Friday, February 21, 2020
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Same-Sex Couples Aren’t the Only Ones Injured

 photo RS_Same_Sex_Marriage_zpsc0c8c064.jpg The litigants in Norfolk are same-sex couples, but in the end the discrimination will result in inequitable application of the law that places many opposite-sex couples at a financial disadvantage. Such will be the consequence of the twisted effort by Virginia homophobes to socially engineer human behavior by unconstitutional edict.

For all the whining about Attorney General Herring's position regarding defense of a patently unconstitutional scar on the Virginia Constitution, he never mitigated enforcement. Not one single same-sex couple has been issued a marriage license in Virginia while we wait for the law to be struck. The opinions of both his predecessors regarding the effects of the law remain in force; for now. But consider this. When the marriages of same-sex couples are inevitably recognized in Virginia, those couples will have an option that other married couples will not: filing their Virginia income tax returns with the most advantageous filing status.

Based upon an opinion by then Attorney General McDonnell and guidance from former Attorney General Ken Cuccinelli, the Virginia Department of Taxation does not allow same-sex married couples to file joint income tax returns even though they must use the status on their federal tax returns. Everyone else must. What was (and currently remains) an undue burden on same-sex couples (the requirement to construct fictional federal income tax returns to calculate Virginia income taxes) transforms to an advantage; consistent with federal policy after the Supreme Court DOMA decision, married same-sex couples will likely be allowed to choose the filing status that is to their advantage for the years when they were prohibited from using a married filing status.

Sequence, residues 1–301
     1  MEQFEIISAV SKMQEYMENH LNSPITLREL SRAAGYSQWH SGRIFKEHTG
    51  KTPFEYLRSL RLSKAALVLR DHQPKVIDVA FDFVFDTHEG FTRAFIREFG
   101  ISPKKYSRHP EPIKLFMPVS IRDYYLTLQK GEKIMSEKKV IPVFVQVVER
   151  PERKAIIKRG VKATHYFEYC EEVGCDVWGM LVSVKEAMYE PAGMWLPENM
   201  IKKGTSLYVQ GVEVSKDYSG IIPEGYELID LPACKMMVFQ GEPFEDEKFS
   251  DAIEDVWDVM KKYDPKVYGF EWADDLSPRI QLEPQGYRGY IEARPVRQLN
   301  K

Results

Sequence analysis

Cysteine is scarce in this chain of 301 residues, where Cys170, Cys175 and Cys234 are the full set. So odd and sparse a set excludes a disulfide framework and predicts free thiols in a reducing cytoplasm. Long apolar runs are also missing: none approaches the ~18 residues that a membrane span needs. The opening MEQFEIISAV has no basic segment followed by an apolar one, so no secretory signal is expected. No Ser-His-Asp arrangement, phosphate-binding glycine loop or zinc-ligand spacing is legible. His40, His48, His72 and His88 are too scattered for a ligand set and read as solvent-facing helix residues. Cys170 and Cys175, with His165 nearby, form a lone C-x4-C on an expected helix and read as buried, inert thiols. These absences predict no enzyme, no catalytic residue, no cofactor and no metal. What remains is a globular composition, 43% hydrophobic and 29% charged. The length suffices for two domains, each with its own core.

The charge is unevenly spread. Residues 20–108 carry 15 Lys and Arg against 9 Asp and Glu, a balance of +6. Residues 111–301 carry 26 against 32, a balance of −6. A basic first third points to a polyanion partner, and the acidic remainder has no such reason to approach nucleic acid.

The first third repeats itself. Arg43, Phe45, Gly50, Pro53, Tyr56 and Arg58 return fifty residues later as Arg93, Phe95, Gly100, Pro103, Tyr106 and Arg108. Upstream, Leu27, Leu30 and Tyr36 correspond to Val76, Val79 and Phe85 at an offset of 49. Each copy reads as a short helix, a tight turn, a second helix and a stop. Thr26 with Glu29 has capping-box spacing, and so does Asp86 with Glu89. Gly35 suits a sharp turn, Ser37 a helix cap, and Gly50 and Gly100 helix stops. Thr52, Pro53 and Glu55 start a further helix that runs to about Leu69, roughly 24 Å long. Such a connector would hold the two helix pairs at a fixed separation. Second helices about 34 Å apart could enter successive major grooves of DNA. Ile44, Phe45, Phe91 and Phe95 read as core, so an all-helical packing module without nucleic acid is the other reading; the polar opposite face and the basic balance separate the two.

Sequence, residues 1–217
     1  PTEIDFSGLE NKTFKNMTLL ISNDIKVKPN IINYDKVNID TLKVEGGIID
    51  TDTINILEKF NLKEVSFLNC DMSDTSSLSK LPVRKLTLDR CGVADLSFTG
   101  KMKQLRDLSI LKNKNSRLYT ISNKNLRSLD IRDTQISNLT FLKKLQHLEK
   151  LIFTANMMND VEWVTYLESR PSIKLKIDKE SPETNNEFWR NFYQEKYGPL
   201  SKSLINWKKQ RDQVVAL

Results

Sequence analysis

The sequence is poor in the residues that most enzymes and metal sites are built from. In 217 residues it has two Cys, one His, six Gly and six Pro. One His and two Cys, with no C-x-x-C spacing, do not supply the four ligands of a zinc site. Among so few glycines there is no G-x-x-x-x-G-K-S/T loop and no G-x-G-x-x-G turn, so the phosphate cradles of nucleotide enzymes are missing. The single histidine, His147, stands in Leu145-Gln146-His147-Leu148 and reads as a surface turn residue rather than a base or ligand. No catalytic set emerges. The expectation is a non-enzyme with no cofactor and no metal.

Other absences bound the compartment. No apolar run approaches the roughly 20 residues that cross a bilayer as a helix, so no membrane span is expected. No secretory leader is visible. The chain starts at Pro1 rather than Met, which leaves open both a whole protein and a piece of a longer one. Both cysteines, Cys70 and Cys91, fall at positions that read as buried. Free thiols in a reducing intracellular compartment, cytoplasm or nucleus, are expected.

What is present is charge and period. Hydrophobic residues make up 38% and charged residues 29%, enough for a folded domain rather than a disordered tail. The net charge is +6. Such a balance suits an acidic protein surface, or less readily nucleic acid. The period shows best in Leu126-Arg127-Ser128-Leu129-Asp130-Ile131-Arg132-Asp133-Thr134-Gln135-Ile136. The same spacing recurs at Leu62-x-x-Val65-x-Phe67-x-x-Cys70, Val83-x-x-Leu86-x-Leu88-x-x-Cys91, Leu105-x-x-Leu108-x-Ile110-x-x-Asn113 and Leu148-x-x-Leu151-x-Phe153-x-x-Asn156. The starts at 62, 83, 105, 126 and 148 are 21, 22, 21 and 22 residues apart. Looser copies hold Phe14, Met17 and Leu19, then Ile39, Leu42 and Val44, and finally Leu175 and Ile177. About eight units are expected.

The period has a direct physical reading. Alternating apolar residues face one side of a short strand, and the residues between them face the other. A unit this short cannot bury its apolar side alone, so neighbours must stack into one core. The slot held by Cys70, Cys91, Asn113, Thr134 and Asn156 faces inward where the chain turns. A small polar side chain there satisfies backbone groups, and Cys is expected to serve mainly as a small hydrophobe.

So my advice to Virginia's married same-sex couples: if filing using a status other than married is to your tax advantage, file this year's return soon, before the stay on yesterday's ruling is removed; after that, you'll be like everyone else. Then for the three years prior to this, recalculate your Virginia tax returns to determine if you should file amendments, in the same way you should have with your federal returns last year. How the Department of Taxation will handle these amendments could be a bit more complicated, so stand by for guidance.

For other married couples, you just won't have equal treatment under the law. You might want to send the bill to Senators Marshall and Newman who spearheaded the amendment or those George Allen strategists who supported it in an underhanded effort to save his bacon.

Wasting Time in the GA Short Session

Delegate Kathy Byron (R-Campbell) has proposed legislation that creates a special class of citizen. Apparently, politicians are more entitled to privacy than the rest of Virginians. The bill ostensibly prohibits the use of electronic tracking devices for "opposition research." The quaint, teensy bill is lazily crafted or deviously designed.

"We are still entitled to some privacy." - Delegate Byron in the GPS Tracking News

Apparently we can still put GPS devices on political figures' persons, in their phones, on their dog's collar...implanted...wherever. Offered January 12, the bill was filed days after Representative Gabrielle Giffords and her constituents were attacked by a gunman outside a Tucson supermarket. It comes across as a sly attempt to prey on latent paranoia. This bill's protections would have done nothing to change the events in Tucson and is inappropriately timed.

A BILL to amend the Code of Virginia by adding in Article 6 of Chapter 4 of Title 18.2 a section numbered 18.2-60.5, relating to placement of electronic tracking devices in or on vehicles of political adversaries; penalty.